managers and leaders

November 24, 2004

First, Break All the Rules
First, Break All the Rules
provides a good distinction between managers and leaders. There are a lot of different definitions floating around about these two terms and it confuses the issue. More than anything, I’ve heard that leaders are good because they push things forward, while managers are only capable of maintaining the status quo. Managers are often seen as a level below leaders — as potential leaders who just need to develop their skills a bit more.

Buckingham and Coffman provide a different view that demonstrates the need and value for both. Leaders are those that look outside to evaluate what is going on in the culture around the organization, and through that they seek to pilot the organization in the appropriate direction. Managers are those that look inside the organization. They see the strengths and abilities that those within have to offer and determine how those talents can best be put to use for the benefit of the cause or the organization. As I’m processing this, I have a some (admittedly unfinished and even a bit contradictory?) thoughts on how this translates into the church.

1) It seems to me that we often think the lead pastor of a church should carry both of these roles. We have rolled both of these up into one and call it the gift of leadership. Unfortunately, that means that a pastor is likely to be stronger in one area than the other, so the other will be left lacking. Those within the church that have the opposing perspective might often become frustrated with the “leadership” that their pastor provides because they see this piece missing.

2) Is the gift of leadership described in the NT more like a manager who looks inside or a leader who looks outside? Or does it encompass elements of both? The Theological Dictionary of the New Testament makes this statement about the word translated as leader in Romans 12:8: “According to the context the task of the προϊστάμενοι (leader) is in large measure that of pastoral care, and the emphasis is not on their rank or authority but on their efforts for the eternal salvation of believers.” Admittedly, I fit more in the manager category, so I’m a bit biased, but this and other statements the TDNT makes about this word make it look like the role the Bible defines as leader equals Buckingham’s definition of a manager. It is one who who cares for those within the flock to help them to grow and offer what they have to the body.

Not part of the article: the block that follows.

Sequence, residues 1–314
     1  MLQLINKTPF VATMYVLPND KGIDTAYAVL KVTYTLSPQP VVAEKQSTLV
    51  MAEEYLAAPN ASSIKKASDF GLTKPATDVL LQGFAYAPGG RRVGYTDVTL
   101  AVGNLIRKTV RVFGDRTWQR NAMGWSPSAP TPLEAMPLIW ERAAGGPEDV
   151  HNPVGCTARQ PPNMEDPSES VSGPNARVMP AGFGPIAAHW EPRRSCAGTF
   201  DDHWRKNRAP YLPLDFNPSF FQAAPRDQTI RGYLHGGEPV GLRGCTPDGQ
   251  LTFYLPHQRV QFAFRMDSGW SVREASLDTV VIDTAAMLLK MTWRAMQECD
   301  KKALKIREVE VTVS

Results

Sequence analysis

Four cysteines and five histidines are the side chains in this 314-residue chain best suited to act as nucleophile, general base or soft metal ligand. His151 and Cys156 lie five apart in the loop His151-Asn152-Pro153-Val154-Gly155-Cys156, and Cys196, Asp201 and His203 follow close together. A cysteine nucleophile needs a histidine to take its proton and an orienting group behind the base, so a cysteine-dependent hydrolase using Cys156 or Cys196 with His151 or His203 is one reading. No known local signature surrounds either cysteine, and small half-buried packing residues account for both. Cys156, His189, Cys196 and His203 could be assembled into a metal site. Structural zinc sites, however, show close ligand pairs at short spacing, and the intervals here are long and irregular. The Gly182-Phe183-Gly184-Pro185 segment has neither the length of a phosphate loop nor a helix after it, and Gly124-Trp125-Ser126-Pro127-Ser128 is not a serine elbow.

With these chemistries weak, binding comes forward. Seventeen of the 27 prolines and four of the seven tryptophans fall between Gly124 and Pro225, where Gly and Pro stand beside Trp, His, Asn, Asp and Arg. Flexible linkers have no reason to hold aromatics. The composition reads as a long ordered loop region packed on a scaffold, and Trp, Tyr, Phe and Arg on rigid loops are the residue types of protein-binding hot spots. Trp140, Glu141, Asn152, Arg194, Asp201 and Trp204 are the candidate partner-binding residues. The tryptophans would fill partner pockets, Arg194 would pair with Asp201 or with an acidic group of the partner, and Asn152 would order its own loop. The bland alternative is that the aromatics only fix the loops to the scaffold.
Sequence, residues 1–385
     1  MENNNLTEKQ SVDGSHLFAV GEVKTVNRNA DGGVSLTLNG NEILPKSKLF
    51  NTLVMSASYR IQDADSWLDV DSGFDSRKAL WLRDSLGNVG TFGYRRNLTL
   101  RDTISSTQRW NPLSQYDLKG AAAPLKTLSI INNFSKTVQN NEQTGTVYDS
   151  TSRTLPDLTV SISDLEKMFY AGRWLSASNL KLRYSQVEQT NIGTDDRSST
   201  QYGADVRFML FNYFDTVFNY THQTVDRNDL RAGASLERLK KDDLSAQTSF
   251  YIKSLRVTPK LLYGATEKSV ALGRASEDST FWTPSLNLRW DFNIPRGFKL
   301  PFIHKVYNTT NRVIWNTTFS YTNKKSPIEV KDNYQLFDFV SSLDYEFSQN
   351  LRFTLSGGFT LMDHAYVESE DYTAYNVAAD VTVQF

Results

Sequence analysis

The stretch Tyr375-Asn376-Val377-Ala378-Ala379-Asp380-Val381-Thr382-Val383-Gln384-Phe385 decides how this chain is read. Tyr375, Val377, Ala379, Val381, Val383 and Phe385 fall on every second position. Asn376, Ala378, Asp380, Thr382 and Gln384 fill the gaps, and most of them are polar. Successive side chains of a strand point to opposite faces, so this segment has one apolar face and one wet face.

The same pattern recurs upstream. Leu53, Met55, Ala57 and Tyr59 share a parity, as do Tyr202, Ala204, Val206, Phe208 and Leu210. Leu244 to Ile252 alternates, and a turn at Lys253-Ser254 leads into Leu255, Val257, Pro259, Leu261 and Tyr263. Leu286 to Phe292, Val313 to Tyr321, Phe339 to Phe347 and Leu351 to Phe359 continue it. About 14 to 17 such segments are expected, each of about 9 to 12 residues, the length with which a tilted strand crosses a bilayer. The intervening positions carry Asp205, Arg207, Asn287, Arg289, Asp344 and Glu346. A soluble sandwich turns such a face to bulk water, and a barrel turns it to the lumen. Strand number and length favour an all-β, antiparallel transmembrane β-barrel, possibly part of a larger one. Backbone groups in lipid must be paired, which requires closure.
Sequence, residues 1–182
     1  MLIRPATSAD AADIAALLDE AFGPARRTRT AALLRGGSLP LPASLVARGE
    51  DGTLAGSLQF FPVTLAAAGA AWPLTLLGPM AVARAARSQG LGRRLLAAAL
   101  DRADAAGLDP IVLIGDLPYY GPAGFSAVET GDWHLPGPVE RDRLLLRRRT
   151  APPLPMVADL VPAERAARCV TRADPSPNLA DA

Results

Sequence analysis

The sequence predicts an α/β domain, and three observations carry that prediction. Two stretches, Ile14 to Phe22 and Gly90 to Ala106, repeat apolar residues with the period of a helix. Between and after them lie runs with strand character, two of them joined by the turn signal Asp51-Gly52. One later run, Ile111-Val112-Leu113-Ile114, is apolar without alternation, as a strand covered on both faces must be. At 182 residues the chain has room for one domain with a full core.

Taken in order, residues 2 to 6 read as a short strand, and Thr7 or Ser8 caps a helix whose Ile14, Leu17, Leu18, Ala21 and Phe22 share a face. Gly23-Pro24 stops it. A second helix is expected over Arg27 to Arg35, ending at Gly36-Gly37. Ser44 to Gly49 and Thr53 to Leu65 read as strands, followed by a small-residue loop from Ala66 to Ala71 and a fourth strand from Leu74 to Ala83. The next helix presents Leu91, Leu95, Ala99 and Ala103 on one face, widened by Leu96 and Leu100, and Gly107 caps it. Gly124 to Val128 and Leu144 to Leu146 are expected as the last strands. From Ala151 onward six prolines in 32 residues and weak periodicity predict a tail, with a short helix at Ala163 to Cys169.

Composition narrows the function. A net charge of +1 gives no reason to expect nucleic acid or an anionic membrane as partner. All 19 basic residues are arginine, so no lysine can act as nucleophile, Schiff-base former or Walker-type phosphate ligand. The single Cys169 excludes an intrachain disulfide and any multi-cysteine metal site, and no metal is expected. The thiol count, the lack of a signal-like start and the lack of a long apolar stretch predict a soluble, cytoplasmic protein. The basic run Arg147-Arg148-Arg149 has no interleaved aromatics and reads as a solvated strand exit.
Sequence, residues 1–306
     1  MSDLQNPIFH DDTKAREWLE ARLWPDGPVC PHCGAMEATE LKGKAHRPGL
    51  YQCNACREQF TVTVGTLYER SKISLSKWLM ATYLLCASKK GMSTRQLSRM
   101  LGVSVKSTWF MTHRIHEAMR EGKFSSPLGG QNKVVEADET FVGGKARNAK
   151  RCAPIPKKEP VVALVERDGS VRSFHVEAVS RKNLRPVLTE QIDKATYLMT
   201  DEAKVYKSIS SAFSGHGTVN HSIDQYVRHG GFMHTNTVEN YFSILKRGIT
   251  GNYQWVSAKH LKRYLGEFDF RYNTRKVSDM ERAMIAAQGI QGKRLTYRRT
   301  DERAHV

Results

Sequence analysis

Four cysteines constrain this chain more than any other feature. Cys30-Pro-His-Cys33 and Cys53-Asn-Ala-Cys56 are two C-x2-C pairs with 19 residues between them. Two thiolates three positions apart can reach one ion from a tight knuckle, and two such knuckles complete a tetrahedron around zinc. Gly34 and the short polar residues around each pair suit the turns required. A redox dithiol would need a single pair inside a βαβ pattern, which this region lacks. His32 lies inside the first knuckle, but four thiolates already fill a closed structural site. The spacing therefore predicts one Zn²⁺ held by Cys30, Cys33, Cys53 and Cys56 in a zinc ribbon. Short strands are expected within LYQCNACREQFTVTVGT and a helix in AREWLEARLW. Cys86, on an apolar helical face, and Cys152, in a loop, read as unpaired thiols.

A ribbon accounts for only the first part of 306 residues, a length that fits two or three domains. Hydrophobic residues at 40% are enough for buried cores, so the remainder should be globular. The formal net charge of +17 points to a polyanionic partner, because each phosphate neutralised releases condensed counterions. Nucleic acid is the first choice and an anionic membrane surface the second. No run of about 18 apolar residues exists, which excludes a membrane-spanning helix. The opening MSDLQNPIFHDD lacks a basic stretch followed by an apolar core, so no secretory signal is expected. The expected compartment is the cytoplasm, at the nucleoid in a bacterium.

3) If #2 is true, then where does Buckinham’s definition of a leader fit. Is it exclusively the role of the Holy Spirit to give future direction to the church? If so, how does the Spirit communicate that? Is it given to one person in a point position, or discerned through a team of people seeking the Spirit together? One could argue that Paul as an individual clearly had a vision and a drive to plant churches. However, he pretty clearly received that mandate through the leadership community in Antioch (Acts 13:1-3). Of course, through the course of his journeys, Paul seemed to receive pretty clear direction as an individual about some of those places he was to go. (Acts 16:6-10).

I see the main role of the pastor as one that fits within Buckingham’s definition of a manger, but operating under and seeking the leadership of the Holy Spirit. He/she is one who shepherds a community of people to move each of them toward growth, health, and fulfillment through using the gifts God has given them. Through the passages above, and life experience, I conclude that the Sprit sets a large vision before a group of people (plant communities of faith), and places a more distinctive direction (where, how, what should this community look like?) into the hearts of the individuals that he has called to pastor those communities. This individual should always receive confirmation from the Spirit through intense disciplines and interaction with others who abide in the Spirit (the discipline of guidance).

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